When Rachna Singh returned to her native India in early 2011 to start up Hachi Labs, after a seven-year career in Silicon Valley, she was staggered – and not by Bangalore’s horrendous traffic jams, infuriatingly frequent power shutdowns or shoddy roads, all of which she had come to expect. Instead Singh was stunned by a seeming cultural aversion toward entrepreneurship.
Hundreds of Bay Area returnees are getting off the plane in Bangalore to plunge straight into entrepreneurship, however, giving India an unprecedented innovation boost. This is a major shift from a few years ago, when returnees preferred safe-landing in multinational jobs and living in expensive, California-style gated communities. At the same time new batches of returnees have to deal with an entrepreneurial deficit alongside several other challenges. Things are changing certainly, but the new returnees are finding it prudent not to sever their umbilical cord with Silicon Valley.
In Bangalore the antipathy toward entrepreneurshipmanifests in many ways, Singh has found. As she started building a start-up team for Hachi, a ”meta connector” that mines social and other networks to find the smartest way to reach out to anybody, she encountered her first challenge. Skilled young candidates were not hard to find but, unlike their Silicon Valleycounterparts, they were unimpressed by offers of equity. These risk-averse engineers wanted market-value salaries, even though in India entry-level salaries are still only a fourth of what freshly minted engineers get paid in the United States.
To pass muster as a serious employer, Hachi had to allow parents of young prospective hires to physically inspect the startup’s office and meet the boss. Topping it all, Singh’s own family could not understand why she was in India launching a start-up. In a culture in which failing is taboo, they questioned her for giving up ”a fairy-tale life in the Silicon Valley, where I drove a fabulous car and lived in a sexy home.”
Singh’s experience as a Silicon Valley returnee echoes those of her fellow journeymen. Many Indians are forsaking their adopted land for fresh prospects. Drawn to the allure of India’s sizable talent pool, its low costs and a ready test market for all kinds of products and services, many are making the voyage homeward to plunge headlong into entrepreneurship. As they start getting their enterprises off the ground, however, they find that – unlike in Silicon Valley – the odds are stacked against risk-takers.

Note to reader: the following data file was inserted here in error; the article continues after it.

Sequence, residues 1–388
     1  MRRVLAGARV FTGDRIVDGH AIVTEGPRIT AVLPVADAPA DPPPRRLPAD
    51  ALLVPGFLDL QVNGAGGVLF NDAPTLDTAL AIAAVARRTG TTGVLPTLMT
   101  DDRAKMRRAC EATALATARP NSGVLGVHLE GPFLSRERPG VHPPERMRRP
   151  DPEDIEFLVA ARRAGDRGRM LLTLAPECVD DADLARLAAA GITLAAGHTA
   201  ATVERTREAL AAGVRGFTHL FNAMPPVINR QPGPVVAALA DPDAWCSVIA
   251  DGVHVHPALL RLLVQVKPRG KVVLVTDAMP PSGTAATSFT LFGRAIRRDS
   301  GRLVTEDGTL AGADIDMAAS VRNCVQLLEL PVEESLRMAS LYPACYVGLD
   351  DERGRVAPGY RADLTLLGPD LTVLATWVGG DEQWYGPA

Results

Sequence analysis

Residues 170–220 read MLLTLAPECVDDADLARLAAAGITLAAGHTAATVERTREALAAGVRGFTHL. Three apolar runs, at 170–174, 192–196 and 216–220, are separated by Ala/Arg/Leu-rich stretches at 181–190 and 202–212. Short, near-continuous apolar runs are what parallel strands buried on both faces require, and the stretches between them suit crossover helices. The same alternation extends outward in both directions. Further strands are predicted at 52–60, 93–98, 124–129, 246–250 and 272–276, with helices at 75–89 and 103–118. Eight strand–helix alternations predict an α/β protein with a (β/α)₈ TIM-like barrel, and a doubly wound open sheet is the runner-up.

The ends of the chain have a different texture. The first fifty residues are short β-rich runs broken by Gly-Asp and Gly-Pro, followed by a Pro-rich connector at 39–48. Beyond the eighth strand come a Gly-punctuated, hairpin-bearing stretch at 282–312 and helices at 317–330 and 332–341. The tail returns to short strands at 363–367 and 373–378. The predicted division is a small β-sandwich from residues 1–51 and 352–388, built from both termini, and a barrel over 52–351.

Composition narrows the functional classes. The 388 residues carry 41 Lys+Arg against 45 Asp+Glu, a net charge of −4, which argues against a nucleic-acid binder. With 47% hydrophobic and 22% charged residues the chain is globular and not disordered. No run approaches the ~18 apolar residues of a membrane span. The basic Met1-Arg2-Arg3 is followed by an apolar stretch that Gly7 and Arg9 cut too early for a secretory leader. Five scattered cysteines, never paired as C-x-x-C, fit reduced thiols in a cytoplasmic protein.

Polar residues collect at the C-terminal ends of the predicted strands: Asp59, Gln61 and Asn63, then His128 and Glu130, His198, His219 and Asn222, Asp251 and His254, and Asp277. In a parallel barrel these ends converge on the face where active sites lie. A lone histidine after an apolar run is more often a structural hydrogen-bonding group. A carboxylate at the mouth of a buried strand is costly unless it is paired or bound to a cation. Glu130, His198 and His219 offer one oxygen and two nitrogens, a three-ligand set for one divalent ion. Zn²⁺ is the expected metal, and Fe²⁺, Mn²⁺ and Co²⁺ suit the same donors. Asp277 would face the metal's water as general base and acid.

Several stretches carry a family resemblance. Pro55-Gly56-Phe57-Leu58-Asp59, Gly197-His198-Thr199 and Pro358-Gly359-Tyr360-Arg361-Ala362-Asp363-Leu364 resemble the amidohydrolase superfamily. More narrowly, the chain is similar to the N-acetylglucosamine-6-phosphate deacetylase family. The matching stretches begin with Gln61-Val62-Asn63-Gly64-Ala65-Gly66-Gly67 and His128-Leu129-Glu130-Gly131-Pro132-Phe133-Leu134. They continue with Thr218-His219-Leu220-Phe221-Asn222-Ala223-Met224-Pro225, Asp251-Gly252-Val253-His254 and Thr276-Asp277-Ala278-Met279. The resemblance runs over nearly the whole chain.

Still, many find plenty of positives to doing business in Bangalore. On the personal front, for example, returned professionals say that the ”social aspects” are immeasurably better, whether being on call for aging, ailing parents, reconnecting with family and friends or allowing their young children to experience the culture of their ancestors.
In the past five years, striking changes in the city are mimicking Silicon Valley’s early days. Talented professionals no longer feel compelled to go westward to seek a challenging career. That has dramatically improved the skill pool in India’s own technology hub, turning it into an underpinning of innovation.
Meanwhile, after years of blazing economic growth, the domestic market is evolving from merely cost-conscious to value-conscious consumers, making it a ready test bed for global products and services. All of this is a powerful magnet for returnees disembarking in Bangalore.
Roopa Hungund returned in early 2011, after spending 14 years with multinationals such as Cisco and Oracle in the Bay Area. Within a year of arriving, Hungund had founded an e-commerce start-up based on an idea that evolved during her Valley years: CostPrize is a geography-specific, context-sensitive deal-aggregator portal that gives customers deep discounts and cash-back offers. She describes India as still-virgin territory, unlike the crowded markets targeted by entrepreneursin the West.
Bangalore lacks the sense of urgency that pervades Silicon Valley, recent returnee Anshuman Bapna says. Bapna graduated from Stanford University’s business school and worked for Deloitte and for Google before returning to India in 2009 to set up MyGola, a travel Web site that focuses on the global market. MyGola has received funding from two Silicon Valley venture capitalists. Many Bangalore startups covet funding by Valley VCs because it opens up new networks and brings fresh expertise.
It may not be immediately apparent, but the influx of returnees represents a windfall for Bangalore’s entrepreneurial and innovation ecosystem. Going back and forth in an ultra-networked world, returnees are slowly spreading the Valley’s vigor and creative processes in Bangalore.
Bapna, for instance, has found it much easier to stand out as an employer with his work culture transported from the Valley. His start-up has a spacious, open workspace, paintings on the walls, free food, yoga classes, a foosball table and open vacation policies.
”All this may be standard stuff in the Valley,” he says, ”but continues to amaze folks who walk into our office for interviews.”
Many returnees see their homecoming not as a one-way ticket but as the inauguration of a more fluid situation whereby they can go back and forth, working the two disparate situations to their advantage. Bapna bristles at the term ”returnees,” in fact, and expects to shuttle back and forth every year.
In treading two worlds, he and other returnee entrepreneurs are rearranging the global innovation order a little at a time. They are soaking in the culture and comforts of home and family while partaking in the abundant and inexpensive skills of India’s young work force, even using its vast markets as a testing ground. On the other hand, they continue to have robust connections with Silicon Valley, returning there frequently to inhale its entrepreneurial air.